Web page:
I know I'm different than Grandpa. Losing Dad feels like yesterday, and I'd love to wrap this thing up and live life at lightning speed sometimes just to find out for myself what it's like to join someone you love in the grave. But, I'm different. When Grandpa was my age, for instance, he was marrying Grandma, traveling to America to start a family, a life, and a legacy. He wasn't even the father of the son he lost. And so, my declarations and intentions in the waiting must be different in some ways. I'll have to find a way to keep looking ahead like Dad said when he was sick and dying. But, I'm also learning to accept that some things, even heavy and hurtful things, are not meant to be lifted from our hearts. In other words, I don't want the pain of losing Dad to ever leave me; I don't ever want to think of what we experienced lightly. I just want stronger arms so that I can carry the memories without feeling so ill-equipped... because I think the path ahead of me is going to be a long one: full of adventures I haven't even imagined yet.

Wednesday, January 10, 2018

Dreams & Rejoicing

The seventy-two returned with joy and said, "Lord, even the demons submit to us in your name." There they are again: even the stupid demons. Jesus replied, "... I have given you authority... to overcome all the power of the enemy... however, do not rejoice that the spirits submit to you, but rejoice that your names are written in heaven." (Luke 10:17-20)


Before my dad ever seemed sick, I started to dream of the ocean. I dreamt of dizzying and crashing waves from the vantage point of a cliff; I dreamt of a wall of water approaching large glass windows of a 30th floor hotel room; and then I started to dream of tidal waves. Sometimes they were tidal pools that would slowly, eerily morph into something larger and more threatening: but these waves would never land. They merely lifted up, on tippy toes, and filled me with terror, as I struggled to perceive a way out or a way to save the ones I loved. I once dreamt that my brothers and I sent Dad out in the waves, knowing it was time to say goodbye: again, I suppose.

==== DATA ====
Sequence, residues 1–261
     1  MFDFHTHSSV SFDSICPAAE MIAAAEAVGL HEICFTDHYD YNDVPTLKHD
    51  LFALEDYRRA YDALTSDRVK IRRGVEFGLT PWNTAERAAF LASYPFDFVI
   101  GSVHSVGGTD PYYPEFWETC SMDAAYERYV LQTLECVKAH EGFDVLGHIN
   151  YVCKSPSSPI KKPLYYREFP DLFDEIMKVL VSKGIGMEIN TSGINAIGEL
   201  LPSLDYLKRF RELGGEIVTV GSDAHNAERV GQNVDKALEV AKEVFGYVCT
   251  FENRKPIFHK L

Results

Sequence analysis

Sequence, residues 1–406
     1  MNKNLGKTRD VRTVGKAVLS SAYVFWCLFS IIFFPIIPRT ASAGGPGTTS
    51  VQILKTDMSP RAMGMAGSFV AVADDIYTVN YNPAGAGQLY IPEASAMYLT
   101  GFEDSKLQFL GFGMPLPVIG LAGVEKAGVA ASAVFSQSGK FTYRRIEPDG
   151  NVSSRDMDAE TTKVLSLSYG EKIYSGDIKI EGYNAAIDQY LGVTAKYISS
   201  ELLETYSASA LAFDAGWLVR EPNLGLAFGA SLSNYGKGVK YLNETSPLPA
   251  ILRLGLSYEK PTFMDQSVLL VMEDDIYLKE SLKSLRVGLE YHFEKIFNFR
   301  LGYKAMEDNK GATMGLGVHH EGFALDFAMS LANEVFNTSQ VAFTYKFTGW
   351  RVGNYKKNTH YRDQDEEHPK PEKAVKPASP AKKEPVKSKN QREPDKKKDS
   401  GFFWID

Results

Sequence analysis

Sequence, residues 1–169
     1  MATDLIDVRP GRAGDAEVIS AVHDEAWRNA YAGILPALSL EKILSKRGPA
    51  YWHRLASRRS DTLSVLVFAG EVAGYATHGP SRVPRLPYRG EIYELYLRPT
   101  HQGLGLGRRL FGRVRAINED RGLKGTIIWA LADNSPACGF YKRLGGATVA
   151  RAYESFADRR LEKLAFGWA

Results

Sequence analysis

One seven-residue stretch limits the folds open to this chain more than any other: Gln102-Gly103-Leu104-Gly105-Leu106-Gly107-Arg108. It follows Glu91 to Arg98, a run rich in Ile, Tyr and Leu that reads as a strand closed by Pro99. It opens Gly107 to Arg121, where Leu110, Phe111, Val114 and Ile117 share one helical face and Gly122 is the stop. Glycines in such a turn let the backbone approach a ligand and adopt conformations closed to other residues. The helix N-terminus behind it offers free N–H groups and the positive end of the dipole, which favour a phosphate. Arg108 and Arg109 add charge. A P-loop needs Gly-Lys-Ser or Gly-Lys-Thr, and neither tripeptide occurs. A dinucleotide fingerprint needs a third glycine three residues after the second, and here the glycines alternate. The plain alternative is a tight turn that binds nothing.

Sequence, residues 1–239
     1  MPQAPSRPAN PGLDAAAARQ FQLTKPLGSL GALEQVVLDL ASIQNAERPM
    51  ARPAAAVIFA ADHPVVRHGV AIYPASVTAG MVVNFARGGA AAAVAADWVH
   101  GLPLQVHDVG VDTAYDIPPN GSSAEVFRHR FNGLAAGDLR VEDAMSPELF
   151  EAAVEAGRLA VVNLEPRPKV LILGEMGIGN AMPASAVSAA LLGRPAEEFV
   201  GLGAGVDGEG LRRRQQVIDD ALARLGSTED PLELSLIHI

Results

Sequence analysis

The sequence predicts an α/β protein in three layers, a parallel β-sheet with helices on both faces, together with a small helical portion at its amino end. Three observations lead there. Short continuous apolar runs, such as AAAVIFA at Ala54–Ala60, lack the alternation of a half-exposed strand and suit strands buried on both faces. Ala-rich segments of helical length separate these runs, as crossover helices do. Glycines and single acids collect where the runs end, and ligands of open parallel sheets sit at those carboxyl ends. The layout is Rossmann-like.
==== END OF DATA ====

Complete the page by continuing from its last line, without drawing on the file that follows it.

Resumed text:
After more than a year of these exhausting scenes, and avoiding the beach for fear of their prophetic value (or at least using sarcasm to endure the fear), I had a realization: what if I could end these dreams?

There's not enough blank space below me, or time, to reasonably convey the required history here, but to make it short, I used to be haunted by nightmares. It was a defining feature of my childhood, and an embarrassing feature of my adulthood. It was wrapped up in my journey of faith, so it came and went with my belief in anything immaterial. Until I heard, yes heard (but that's the long version), that I was not alone in my dreams. That God was with me, that He knew, and that He wanted to change things. From that point on, the dream version of me learned to speak the name of Jesus, to sing worship, and to bring light into the darkness. The dream version of me learned to call on the power of the Holy Spirit and to twist the arm of evil. The dream version of me learned that evil is less like a lion, and more like a mouse and learned that awe and fear are reserved for God alone: His goodness, glory, and mercy.

So, the realization was simple: couldn't a wave be told to go away, in the name of Jesus? And while I realized this in waking, I wrote it down. I committed in words that I would give this thing a shot, and I prayed for God to help me out. Within three days (give or take), the dream came with the wave. Within moments of it rising up to terrorize, dream me called on the name of Jesus and watched the wave fall and crash in the opposite direction, spreading out until the flattened horizon could be seen again. But there, off in the distance, an ugly thing rose up from the water's surface: an ugly, dark, spiritual thing.